Greg Shultz delves into Windows 10's File Explorer and uncovers the Filter feature.
In previous articles, I explained that the Ribbon toolbar system with its Core and Contextual tabs is designed to expose close to 200 different file management commands in File Explorer. One of these commands that I want to tout, as I wrap up this series on File Explorer, is the Filter feature.
While the Filter feature is not actually a command on the Ribbon, it is a very useful tool to have in your arsenal. Similar to the Group by command, the Filter feature allows you to gain a different perspective on the data files that you have stored on your hard disk. However, unlike the Group by command, which allows you to reorganize all of the files in a folder, the Filter feature allows you narrow the display to only those files that you want to work with. Let's take a closer look.
Accessing the Filter feature
To begin with, the Filter feature is only accessible in File Explorer's Details view. The reason for this is that the Filter feature actually lives in the column headers that display at the top of the File List pane when you're using the Details View.
For example, the Documents Library displays the Name, Date modified, Type, and Size column headers by default (Figure A).
There are four column headers in the Documents Library by default.
When you hover your mouse pointer over any one of the column headings, you'll notice that a drop-down arrow appears on the right side of the heading. This drop-down arrow provides you with access to the Filter feature, which manifests itself as a menu that displays the Filter options that are appropriate to the heading type. For example, the Filter menu on the Name heading displays Filter options that show groups of numbers and letters that a file name could begin with (Figure B). Selecting one or more of the check boxes enables that filter.
The column heading menu contains Filters that are appropriate for that heading type.
To get a better understanding of how the Filter feature works, let's look at some example situations where using it would be advantageous.
Using the Filter feature
Suppose that you encounter a folder that contains a plethora of files and folders, but you only want to see the PDF files. If so, you'd access Filter feature on the Type header, and the resulting menu would then display all of the file types present in the folder (Figure C).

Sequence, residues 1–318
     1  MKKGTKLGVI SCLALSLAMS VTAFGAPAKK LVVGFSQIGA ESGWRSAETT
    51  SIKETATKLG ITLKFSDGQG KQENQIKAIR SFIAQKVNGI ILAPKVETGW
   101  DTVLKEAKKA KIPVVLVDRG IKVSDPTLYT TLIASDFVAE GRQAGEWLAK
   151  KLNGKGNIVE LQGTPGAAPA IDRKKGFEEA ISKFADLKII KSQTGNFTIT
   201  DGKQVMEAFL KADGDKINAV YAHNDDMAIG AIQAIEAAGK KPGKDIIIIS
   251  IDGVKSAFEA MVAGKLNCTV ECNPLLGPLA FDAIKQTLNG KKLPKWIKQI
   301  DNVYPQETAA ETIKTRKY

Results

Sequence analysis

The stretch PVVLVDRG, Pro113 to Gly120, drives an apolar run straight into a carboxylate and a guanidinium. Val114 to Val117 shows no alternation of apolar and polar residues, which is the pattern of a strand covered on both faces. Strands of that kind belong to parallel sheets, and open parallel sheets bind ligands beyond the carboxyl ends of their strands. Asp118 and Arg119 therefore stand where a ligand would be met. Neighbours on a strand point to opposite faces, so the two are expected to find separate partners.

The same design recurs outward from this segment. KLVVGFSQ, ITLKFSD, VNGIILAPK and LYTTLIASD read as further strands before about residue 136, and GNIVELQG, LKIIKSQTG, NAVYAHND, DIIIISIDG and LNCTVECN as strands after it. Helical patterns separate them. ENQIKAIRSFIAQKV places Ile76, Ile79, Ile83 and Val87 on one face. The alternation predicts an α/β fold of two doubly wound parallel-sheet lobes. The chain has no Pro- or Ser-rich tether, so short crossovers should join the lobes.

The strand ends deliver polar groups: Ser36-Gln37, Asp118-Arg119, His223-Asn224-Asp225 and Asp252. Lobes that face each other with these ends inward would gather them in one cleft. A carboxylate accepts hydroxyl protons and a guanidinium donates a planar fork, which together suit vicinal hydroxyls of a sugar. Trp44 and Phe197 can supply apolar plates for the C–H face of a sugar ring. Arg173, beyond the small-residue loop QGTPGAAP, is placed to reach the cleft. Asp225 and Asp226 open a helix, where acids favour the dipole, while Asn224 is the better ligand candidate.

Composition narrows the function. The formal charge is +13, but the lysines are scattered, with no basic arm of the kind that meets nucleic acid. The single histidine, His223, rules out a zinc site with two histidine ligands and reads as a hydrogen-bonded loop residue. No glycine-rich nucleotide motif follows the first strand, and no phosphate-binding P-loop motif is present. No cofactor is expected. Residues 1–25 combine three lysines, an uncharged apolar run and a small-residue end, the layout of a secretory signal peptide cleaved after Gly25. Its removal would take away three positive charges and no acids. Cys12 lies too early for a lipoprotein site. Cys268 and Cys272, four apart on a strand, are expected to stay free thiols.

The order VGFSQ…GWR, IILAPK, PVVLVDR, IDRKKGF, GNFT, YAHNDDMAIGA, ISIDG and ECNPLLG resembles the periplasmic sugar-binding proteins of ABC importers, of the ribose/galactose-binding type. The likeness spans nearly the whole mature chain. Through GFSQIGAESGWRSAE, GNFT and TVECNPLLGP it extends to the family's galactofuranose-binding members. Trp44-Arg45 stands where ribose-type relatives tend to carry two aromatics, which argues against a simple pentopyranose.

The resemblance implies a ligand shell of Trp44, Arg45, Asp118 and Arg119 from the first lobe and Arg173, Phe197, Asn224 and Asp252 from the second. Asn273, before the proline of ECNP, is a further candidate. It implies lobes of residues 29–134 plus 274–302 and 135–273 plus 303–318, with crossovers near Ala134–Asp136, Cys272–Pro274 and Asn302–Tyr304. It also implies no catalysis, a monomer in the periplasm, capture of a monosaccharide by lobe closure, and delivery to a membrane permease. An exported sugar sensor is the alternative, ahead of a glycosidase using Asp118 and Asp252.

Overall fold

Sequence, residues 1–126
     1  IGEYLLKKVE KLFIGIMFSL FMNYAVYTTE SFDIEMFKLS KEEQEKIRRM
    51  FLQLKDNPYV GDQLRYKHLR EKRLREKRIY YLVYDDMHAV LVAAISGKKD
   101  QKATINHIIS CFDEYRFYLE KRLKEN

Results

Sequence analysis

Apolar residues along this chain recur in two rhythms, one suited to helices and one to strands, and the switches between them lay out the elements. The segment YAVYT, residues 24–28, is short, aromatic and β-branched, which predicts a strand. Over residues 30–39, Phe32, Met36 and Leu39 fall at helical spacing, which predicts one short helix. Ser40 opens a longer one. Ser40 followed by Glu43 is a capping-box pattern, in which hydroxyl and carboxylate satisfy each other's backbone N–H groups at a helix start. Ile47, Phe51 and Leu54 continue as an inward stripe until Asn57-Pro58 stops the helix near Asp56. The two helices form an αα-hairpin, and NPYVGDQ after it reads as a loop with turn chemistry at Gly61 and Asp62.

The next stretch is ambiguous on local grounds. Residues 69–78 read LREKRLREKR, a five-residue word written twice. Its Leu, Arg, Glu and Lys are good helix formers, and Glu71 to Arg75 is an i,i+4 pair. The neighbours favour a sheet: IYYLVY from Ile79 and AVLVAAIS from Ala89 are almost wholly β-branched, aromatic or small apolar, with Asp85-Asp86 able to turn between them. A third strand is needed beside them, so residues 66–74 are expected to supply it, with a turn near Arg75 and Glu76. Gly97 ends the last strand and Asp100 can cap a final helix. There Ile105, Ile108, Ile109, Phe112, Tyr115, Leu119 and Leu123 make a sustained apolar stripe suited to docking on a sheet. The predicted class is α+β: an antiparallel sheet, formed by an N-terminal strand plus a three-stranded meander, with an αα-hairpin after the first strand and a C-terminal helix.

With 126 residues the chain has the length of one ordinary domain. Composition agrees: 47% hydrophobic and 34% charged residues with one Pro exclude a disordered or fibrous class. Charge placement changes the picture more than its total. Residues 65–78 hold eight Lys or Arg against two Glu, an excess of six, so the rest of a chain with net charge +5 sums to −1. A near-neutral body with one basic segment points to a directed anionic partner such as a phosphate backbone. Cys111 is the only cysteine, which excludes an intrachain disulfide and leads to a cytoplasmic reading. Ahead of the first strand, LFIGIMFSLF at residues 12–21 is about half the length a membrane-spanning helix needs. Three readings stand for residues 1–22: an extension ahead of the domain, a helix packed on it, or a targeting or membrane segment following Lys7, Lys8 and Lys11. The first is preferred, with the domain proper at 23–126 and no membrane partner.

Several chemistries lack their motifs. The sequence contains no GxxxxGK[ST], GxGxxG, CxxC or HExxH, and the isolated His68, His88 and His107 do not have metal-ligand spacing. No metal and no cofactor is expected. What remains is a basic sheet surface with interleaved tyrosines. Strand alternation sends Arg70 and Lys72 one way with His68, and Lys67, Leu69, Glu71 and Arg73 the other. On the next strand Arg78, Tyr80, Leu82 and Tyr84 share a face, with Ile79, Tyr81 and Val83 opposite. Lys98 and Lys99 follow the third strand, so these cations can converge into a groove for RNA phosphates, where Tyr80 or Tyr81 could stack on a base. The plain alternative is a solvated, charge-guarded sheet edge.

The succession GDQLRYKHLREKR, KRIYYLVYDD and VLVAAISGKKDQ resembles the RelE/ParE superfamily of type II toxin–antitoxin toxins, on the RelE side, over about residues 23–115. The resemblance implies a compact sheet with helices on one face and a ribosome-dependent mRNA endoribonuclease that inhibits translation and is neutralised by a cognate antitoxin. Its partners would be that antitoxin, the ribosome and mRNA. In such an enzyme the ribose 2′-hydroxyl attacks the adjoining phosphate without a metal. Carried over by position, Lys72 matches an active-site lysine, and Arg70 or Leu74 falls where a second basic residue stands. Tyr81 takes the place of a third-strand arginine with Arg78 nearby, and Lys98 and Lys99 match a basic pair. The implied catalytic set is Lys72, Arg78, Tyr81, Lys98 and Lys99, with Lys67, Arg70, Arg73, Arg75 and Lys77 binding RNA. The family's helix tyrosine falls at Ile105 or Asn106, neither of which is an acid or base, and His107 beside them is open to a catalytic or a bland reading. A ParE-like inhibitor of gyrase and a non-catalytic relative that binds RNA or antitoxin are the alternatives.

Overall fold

The Type Filter menu will display all the file types present in the folder.
If you select the check box next to the PDF type, you'll only see the PDF files in this folder (Figure D). Notice the check mark in the column header; this indicates that this File List is currently being filtered. You'll also see the file type spelled out in the address bar.
The Filter option allows you to filter out all but the documents that you're interested in seeing.
You can use multiple Filters at the same time. For example, you could add a Name Filter to limit the display to only document names that begin with any letters in the range of Q to Z (Figure E).
You can use multiple Filters at the same time.
Suppose that you've found the PDF files that you're looking for, but you also want to find the DOC source files. Go back over to the Type Filter (Figure F). As you can see, the Type Filter menu is much smaller, because it's now only considering those file types that have file names that begin with any letters in the range of Q to Z.
The Type Filter menu is now being filtered by the Name filter.
The other nice thing about the Filter menu is that it remains open until you click on something other than the menu. This means that you can select different Filter options on the menu, one by one, to easily see different sets of files.
For example, suppose that you want to look for files created on certain dates. Once you bring up the Date modified filter, you'll see a Calendar display (Figure G). As you click on any date on the calendar, File Explorer will instantly filter out all other files and display only the files created on that date. So, if you select the 8th, you'll instantly only see files or folders created on the 8th. If you then select the 9th, you'll instantly only see files or folders created on the 9th, and so on.
A Filter menu will remain in focus, allowing you to sequentially apply different filters on the fly.
To remove a filter, you can clear the check box, or you can use a shortcut—just click the back button. Keep in mind that if you've applied multiple Filters, you'll have to click the back button to remove each Filter. If you decide that you want to immediately apply the Filter again, just click the forward button.
In my examples, I only showed you the Filters in the Documents folder. You know that other folders, such as Pictures, Videos, and Music, contain different file types and have different headers in the Details view. This also means that those folders will have Filters that are appropriate to the type of files in that folder. Make sure that you delve into File Explorer and experiment with the Filter feature.
What's your take?
What practical application do you see for the Filter feature in your line of work? Let us know in the discussion thread below.